But make no mistake: surfing is king in Sayulita. Since the 1960s, when Highway 200 was completed, road-tripping Californians have plied this mile-long notch in the Riviera Nayarit, flocking in when the tide is right or making the place a second seasonal home. You won’t confuse these waves with the towering curls off Hawaii’s North Shore, but they are consistent enough to make them the perfect training ground for beginners and salty pros alike.

If you’ve watched enough Shark Week specials to know that from underneath the board, a surfer can look like dinner, stick to the beaches. They’re unlike anything we have in the States. The sand is flaked with tiny slivers of gold-colored ore dredged up by the constant churning of the ocean floor, turning the beach into jewelry and the water into a giant, roiling tub of Goldschläger. It’s a glittering spectacle you won’t tire of watching.

In other words—pardon the New Age-ism—Sayulita is a great place to just be. Because as thrilling as it is to watch a well-bronzed surfer zip through the heart of a wave, or to see the fishermen in their angular panga boats heading back home on the horizon with another scaly haul, sometimes the most pressing concern revolves around finding the best spot in which to remain horizontal, burn your pale hide, and research which beachside bar has the largest piña colada.
Besides, from a reclining position it’s much easier to study the cat-size iguanas as they battle screeching toucans and parrots for supremacy in the trees, or to watch the ravenous pelicans and frigate birds swoop into the ocean for a meal. And why would you want to venture far from the aromas wafting from Burrito Revolución, a Sandinista-themed shack where a friendly local grills fresh marlin burritos?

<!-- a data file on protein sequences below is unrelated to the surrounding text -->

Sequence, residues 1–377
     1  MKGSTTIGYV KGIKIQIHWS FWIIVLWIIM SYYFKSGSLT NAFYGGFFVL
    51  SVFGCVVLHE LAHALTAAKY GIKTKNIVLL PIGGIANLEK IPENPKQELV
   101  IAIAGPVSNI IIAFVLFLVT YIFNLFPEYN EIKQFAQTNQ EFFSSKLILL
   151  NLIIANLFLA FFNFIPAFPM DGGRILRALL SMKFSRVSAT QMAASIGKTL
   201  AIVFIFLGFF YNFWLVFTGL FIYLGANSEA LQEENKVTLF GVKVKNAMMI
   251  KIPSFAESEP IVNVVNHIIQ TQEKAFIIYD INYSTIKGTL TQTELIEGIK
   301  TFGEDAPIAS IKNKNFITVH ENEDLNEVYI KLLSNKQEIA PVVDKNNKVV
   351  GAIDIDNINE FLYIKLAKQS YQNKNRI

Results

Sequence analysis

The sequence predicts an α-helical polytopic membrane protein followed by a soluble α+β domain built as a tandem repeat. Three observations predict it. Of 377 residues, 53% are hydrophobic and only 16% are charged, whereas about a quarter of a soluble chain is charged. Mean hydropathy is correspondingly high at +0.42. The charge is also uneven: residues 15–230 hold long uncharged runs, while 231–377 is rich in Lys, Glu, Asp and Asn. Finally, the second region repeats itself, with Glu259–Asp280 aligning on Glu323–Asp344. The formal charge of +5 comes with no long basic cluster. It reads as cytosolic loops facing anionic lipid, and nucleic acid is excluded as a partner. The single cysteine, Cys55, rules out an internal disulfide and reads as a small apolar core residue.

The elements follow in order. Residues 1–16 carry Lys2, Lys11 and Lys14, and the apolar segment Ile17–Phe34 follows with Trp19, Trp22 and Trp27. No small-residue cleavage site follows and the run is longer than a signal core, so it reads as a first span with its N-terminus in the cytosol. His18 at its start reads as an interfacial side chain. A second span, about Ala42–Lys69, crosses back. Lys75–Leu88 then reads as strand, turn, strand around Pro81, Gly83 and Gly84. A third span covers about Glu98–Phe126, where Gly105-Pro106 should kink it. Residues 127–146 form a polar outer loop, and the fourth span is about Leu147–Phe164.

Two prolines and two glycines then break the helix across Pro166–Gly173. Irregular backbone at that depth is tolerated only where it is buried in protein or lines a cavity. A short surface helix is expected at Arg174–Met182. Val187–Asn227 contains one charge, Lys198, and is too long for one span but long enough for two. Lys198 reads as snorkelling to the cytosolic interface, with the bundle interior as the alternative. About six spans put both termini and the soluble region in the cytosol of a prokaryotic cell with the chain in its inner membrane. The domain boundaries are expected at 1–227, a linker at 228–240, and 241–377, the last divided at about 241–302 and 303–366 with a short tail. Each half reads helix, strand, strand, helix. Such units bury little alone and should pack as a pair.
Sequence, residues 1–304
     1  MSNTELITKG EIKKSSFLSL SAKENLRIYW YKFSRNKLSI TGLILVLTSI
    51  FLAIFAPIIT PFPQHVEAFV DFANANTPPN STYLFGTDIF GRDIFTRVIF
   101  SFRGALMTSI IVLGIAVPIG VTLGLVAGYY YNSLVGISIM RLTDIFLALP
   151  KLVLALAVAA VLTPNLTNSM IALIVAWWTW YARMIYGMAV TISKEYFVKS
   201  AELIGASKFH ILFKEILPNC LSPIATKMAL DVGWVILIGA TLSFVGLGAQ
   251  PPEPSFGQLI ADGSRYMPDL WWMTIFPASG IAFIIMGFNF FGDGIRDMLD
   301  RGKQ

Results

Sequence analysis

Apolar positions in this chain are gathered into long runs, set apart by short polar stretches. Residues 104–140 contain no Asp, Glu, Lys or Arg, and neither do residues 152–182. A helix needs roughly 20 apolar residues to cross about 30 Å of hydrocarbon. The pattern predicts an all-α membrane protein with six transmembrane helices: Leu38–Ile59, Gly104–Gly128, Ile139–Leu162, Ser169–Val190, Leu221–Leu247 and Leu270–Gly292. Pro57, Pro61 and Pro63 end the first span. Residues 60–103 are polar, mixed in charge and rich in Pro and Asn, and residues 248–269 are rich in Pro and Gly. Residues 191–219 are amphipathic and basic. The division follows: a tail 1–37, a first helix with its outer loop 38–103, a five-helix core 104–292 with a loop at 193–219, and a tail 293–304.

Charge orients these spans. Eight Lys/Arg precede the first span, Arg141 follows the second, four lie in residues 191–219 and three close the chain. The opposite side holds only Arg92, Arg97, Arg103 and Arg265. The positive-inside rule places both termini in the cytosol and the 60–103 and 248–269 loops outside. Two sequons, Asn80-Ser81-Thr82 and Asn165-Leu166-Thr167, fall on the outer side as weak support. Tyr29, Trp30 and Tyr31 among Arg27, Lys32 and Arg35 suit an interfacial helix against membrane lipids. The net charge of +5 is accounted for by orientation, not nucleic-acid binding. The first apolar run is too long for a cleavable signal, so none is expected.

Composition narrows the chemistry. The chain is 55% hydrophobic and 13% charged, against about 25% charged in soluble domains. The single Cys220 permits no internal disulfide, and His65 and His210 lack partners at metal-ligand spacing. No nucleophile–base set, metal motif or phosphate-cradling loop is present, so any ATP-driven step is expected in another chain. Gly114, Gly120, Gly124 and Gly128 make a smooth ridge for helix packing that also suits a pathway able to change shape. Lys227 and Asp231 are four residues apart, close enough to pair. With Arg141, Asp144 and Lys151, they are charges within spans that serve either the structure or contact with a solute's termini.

When you do feel compelled to move, it’s quickly apparent why this place inspires such feverish devotion. For instance, a walk along a narrow jungle path that we found on an outdated map turned into an epic journey of discovery as we pushed through yucca leaves rising beneath the parota trees and suddenly came upon a forgotten graveyard. The electric hues of the memorials—bright pink and aqua-blue granite headstones dotting the jungle floor—instantly recalled Mexico’s flamboyant Day of the Dead celebrations.

The instinct never to tell a soul about our discovery swelling in our hearts, we pushed past the graves and crested a small rise to find the Pacific, gold water slapping against gold sand as the setting sun laid a sparkling sheen across the ocean. We leaned back against a warm rock and pulled out a couple of warm beers and a slice of homemade chocolate flan we’d bought from a grandmotherly street vendor.

Paradise found. Disaster averted. Two thousand miles southwest of Arkansas.